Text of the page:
*The Marginal Revolution blog has tirelessly followed the aftermath of the Haitian earthquake.
This week it highlighted the length of the road to recovery, noting that nearly 17 per cent of Haiti's civil servants died in the disaster, including many senior managers. It attributes the startling statistic to the concentration of Haitian government in Port-au-Prince and the size of government buildings. The high level of centralisation is in part a symptom of US colonialism as it made the country easier to rule.
*Teenage readers of the journal Nature Neuroscience were in for a treat this week as a new study revealed the brain region that is responsible for resisting temptation is one of the last parts to mature. Lead researcher Bern Figner told Discovery Online it could explain why adolescents often have a hard time delaying gratification. The research is still at an early stage, so blaming misdeeds on an undeveloped lateral prefrontal cortex might be premature.
*Watching sports can be a risky business, as the mother of an American baseball star discovered this week. Wanda Wilson, mother of Minnesota Twins player Denard Span, was just settling into her seat in the 41,000-seat Tampa stadium, when a foul ball flew off her son's bat and struck her in the chest. Reports on AP said Wilson was fine but the incident led Span to call for more netting to protect the fans.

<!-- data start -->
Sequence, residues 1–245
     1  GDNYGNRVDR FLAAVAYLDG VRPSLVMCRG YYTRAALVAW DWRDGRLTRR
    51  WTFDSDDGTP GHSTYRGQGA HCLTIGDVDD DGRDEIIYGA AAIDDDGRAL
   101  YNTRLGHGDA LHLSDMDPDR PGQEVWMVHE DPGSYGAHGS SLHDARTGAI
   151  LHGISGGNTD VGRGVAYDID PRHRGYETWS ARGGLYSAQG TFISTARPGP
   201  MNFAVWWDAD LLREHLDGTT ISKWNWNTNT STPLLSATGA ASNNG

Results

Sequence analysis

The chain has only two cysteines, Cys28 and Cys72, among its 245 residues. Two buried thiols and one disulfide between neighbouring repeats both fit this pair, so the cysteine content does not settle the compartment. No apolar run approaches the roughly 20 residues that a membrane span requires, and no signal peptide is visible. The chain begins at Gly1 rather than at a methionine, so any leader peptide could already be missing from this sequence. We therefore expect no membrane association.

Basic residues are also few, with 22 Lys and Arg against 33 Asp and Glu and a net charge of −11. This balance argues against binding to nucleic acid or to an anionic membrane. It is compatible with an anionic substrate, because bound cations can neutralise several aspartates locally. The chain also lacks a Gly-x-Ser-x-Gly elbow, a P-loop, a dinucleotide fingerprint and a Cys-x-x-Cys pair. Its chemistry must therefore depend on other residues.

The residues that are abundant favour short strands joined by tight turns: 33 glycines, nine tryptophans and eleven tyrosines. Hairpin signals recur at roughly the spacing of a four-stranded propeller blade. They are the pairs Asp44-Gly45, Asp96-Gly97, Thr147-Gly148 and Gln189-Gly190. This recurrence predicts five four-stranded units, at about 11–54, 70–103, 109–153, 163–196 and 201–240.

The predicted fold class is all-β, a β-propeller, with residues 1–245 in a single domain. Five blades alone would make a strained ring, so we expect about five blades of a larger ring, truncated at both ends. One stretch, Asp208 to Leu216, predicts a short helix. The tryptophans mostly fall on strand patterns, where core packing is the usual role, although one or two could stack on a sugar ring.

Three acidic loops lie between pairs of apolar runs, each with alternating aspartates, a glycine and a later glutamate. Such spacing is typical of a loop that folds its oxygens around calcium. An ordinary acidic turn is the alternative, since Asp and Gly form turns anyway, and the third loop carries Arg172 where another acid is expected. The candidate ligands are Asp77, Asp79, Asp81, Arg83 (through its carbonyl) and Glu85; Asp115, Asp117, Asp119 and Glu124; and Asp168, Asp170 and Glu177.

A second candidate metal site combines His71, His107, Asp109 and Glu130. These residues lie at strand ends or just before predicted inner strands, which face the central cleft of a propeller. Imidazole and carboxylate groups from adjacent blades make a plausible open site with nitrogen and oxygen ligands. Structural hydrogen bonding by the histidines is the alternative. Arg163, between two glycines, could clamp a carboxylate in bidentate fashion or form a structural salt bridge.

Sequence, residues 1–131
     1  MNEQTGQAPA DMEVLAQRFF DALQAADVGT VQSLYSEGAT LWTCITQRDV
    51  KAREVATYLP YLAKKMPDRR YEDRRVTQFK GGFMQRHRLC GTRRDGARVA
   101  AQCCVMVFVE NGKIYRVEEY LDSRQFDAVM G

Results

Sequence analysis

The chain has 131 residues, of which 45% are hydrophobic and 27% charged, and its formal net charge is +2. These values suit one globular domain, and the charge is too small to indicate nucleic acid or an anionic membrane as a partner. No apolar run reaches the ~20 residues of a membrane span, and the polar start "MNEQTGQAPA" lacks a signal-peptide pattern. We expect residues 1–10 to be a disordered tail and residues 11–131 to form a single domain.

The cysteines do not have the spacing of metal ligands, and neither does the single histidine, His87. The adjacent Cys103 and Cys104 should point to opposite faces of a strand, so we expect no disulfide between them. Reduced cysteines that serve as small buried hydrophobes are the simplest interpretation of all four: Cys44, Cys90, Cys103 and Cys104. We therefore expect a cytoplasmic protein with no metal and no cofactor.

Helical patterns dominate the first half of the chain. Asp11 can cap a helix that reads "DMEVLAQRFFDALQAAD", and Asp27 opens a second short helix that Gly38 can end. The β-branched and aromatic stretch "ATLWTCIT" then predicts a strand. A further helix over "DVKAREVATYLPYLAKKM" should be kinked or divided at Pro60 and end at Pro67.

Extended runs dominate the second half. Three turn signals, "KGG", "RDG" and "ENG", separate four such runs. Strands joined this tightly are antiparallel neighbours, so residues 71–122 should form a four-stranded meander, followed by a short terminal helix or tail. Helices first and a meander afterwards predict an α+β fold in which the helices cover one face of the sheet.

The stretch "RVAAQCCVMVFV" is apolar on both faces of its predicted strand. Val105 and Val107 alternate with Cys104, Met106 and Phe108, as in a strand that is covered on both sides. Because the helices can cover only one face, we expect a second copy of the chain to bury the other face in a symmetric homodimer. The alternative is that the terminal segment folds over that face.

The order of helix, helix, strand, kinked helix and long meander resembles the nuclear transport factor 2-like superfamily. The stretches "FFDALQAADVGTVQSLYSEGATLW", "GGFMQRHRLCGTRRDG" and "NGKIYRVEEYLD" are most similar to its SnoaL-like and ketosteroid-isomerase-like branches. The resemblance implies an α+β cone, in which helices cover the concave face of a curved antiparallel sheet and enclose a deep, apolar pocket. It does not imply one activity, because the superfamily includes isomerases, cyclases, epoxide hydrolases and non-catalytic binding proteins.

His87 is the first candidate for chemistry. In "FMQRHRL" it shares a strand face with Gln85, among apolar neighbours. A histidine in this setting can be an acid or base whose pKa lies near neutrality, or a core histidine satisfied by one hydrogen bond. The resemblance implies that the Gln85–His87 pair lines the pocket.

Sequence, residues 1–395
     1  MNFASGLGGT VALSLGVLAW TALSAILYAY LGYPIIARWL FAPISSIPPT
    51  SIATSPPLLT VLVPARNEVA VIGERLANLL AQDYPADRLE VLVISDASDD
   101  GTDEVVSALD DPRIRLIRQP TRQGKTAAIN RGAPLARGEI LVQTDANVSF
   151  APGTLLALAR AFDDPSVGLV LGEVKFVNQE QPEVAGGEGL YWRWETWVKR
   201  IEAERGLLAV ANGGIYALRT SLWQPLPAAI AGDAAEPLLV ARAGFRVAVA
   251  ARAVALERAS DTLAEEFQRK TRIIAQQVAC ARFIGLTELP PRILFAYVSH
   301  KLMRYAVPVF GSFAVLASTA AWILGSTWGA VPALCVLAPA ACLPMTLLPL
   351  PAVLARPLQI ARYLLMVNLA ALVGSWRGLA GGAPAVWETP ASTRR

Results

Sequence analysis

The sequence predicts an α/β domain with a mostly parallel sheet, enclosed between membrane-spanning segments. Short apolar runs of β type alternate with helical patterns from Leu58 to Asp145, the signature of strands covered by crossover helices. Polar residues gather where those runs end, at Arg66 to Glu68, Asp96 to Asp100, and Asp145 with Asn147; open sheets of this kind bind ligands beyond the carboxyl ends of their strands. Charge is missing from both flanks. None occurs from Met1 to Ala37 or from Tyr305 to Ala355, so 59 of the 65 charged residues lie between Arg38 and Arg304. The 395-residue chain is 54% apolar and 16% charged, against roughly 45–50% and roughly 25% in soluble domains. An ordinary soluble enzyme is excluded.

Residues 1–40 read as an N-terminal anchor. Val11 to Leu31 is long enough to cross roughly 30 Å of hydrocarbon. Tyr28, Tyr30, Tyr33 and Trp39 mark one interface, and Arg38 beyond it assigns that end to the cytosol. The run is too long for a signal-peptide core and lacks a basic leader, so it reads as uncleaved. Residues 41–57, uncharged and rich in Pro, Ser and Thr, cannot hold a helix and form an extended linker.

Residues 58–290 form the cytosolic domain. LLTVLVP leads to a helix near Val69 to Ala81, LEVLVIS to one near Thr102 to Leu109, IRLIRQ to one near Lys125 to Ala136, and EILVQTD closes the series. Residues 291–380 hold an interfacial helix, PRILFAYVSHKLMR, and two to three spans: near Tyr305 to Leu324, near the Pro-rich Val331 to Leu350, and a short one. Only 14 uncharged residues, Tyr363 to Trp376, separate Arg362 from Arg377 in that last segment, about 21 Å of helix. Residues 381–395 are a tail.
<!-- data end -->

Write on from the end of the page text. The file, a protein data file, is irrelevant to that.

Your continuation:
*Poop-a-scoopers are everywhere across America's north-west as snow melt has revealed three months of uncleared dog faeces in gardens. Pet Yard Pick-Up owner and pet waste pioneer Gail Behrens-McArdle told twincities.com that it was a bumper year as heavy snows and rapid melt had left people overwhelmed by "hundreds of pounds of dog poop".
*A Washington Times investigation has revealed that more than a dozen Securities and Exchange employees and contractors have tried to view pornography on US government computers. As many as 16 subsequent investigations have revealed 8,273 incidents of employees watching porn while the financial system crashed around them.
*Beijing's booming population could cause a cemetery shortage if urgent action is not taken, according to the Chinese ministry of civil affairs. In a report released this week, the government said the city needed at least 50 new cemeteries in the next decade to meet demand. China Daily said the shortage was forcing up funeral costs beyond the means of low-income residents, and the government was now in favour of cemetery recycling and sea burials.
*Chinese scientists have created the world's first genetically modified cow that can give milk rich in omega-3 fatty acid, Xinhua reported this week. "Two embryo-cloned and genetically modified dairy cows were born June 23 last year," explained Li Guangpeng, head of the Biological Technology Laboratory at Inner Mongolia University. "One of the cows has been found to have omega-3 fatty acid level 10 times higher than a normal cow."Reuse content